When it comes to finding old maps online, the National Library of Scotland’s free website is an essential part of any family historian’s toolkit. It even allows you to overlay one map on top of another, with the top layer made semi-transparent so you can compare it with the one beneath.
Why do this? The obvious reason is to compare how a place looked during your ancestor’s life with how it appears now or at some other point in history. Last year, the NLS launched new options in the form of digital topographic models to add to the collection of satellite views and traditional maps (old and new). This allows you to get an idea of the terrain in which your ancestors lived.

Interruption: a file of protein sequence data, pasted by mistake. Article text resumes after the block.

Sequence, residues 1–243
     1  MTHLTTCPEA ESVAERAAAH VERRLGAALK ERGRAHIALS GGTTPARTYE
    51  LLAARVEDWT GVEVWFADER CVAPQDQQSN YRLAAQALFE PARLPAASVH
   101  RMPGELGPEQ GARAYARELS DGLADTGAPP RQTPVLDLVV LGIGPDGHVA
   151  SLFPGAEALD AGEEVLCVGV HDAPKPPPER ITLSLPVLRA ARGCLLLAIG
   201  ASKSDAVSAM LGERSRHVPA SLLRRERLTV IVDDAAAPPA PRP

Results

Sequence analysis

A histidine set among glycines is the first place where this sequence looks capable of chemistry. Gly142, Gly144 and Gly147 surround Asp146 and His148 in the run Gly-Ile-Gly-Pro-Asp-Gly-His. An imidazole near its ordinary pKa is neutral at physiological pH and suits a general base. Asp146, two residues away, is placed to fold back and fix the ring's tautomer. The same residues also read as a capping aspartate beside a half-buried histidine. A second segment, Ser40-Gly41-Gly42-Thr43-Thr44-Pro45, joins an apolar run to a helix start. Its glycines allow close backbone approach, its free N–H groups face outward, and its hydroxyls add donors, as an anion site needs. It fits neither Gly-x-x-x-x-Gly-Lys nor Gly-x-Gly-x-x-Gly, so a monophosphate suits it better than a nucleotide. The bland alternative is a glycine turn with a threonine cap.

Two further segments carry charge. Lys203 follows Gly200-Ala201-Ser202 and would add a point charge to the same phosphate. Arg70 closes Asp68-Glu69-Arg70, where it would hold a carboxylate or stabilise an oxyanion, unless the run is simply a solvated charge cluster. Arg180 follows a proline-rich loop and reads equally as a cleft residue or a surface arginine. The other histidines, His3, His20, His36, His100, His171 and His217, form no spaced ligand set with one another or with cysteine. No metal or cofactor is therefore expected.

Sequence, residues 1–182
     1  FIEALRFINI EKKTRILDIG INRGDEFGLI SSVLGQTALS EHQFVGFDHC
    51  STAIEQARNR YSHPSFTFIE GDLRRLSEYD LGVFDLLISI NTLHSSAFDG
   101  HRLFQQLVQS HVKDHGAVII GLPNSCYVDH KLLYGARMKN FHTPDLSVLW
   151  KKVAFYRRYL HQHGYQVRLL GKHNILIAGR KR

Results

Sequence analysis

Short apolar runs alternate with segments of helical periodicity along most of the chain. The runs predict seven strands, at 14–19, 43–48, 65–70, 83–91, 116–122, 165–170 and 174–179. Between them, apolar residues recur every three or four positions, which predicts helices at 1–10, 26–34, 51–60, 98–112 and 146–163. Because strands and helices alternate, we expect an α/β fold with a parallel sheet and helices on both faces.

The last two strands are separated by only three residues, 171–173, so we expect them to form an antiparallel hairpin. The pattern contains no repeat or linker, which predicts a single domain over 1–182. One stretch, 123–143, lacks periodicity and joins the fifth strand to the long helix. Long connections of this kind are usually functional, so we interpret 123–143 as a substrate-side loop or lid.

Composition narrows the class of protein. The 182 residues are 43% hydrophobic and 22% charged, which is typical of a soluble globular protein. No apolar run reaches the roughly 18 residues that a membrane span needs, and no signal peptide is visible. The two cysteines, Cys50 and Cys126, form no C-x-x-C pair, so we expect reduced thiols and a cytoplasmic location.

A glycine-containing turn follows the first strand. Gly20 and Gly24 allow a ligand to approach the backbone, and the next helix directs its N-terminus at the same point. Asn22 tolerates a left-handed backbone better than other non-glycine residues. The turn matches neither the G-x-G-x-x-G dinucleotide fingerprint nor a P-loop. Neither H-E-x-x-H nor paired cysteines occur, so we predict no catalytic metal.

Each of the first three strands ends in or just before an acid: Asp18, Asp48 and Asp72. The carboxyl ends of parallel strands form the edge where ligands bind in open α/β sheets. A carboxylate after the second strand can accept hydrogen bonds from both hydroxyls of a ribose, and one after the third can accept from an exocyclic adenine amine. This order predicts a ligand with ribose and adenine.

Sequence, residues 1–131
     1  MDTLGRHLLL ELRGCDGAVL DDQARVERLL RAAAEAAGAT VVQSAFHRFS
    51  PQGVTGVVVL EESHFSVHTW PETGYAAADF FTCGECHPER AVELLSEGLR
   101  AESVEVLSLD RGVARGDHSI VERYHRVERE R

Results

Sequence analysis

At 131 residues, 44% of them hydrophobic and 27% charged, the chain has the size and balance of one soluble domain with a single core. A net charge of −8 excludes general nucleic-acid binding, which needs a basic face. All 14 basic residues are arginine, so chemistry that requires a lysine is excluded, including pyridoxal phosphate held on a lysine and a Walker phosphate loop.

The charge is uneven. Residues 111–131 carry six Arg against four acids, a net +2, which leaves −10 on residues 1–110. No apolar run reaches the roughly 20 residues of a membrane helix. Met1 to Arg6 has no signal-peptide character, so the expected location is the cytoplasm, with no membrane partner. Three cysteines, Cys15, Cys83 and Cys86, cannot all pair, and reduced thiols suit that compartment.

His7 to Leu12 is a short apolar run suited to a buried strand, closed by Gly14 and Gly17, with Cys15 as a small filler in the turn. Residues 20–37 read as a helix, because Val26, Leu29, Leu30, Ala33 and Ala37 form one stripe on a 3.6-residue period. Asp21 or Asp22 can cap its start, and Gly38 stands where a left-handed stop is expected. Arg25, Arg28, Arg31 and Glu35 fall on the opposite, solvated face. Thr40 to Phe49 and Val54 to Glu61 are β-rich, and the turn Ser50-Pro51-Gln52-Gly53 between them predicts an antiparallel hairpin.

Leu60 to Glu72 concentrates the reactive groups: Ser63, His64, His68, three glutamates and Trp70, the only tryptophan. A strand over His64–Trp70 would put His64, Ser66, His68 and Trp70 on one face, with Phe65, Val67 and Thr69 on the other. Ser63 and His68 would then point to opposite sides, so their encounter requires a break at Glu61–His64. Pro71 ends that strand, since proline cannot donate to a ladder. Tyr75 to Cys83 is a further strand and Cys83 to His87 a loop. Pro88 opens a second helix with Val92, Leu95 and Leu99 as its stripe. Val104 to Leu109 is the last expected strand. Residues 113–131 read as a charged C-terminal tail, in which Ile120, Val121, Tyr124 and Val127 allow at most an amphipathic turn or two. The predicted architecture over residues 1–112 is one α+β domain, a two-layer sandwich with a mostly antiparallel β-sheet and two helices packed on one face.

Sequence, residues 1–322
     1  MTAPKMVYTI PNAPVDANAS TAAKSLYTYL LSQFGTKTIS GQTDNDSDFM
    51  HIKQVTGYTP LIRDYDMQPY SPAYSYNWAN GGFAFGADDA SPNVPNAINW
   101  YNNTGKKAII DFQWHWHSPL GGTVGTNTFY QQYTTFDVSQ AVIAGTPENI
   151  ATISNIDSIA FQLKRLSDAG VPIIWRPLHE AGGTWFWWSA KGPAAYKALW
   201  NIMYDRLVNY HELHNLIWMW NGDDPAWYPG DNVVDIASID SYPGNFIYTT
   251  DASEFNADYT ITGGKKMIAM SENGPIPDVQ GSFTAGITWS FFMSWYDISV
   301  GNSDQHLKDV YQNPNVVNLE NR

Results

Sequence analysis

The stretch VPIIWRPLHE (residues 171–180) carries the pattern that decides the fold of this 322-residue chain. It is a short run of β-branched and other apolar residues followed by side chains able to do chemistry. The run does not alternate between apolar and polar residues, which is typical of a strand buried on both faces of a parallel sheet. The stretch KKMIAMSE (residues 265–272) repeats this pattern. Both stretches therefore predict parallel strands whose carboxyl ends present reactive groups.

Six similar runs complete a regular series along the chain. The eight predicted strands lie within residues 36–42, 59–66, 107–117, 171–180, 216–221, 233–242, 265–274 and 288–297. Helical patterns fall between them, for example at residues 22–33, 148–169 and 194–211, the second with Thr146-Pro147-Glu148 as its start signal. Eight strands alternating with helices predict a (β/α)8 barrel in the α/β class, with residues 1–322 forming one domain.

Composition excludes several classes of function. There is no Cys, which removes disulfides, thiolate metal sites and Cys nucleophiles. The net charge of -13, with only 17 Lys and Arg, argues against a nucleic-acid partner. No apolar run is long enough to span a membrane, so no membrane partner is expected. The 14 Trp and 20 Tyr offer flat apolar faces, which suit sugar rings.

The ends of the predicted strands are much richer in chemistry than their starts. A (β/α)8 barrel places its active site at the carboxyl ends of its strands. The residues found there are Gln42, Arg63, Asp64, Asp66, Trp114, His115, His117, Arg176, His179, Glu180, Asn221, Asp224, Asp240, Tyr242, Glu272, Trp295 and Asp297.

The map overlay can be accessed via the georeferenced maps section. Once you’ve found and annotated a map, you can print or save it. You can also access the feature via other parts of the site, including ‘Find by Place’ and ‘Browse by Mapmaker’. Target the map you want, then zoom in to your chosen location and hold Alt as you click on the map to switch to a georeferenced maps view.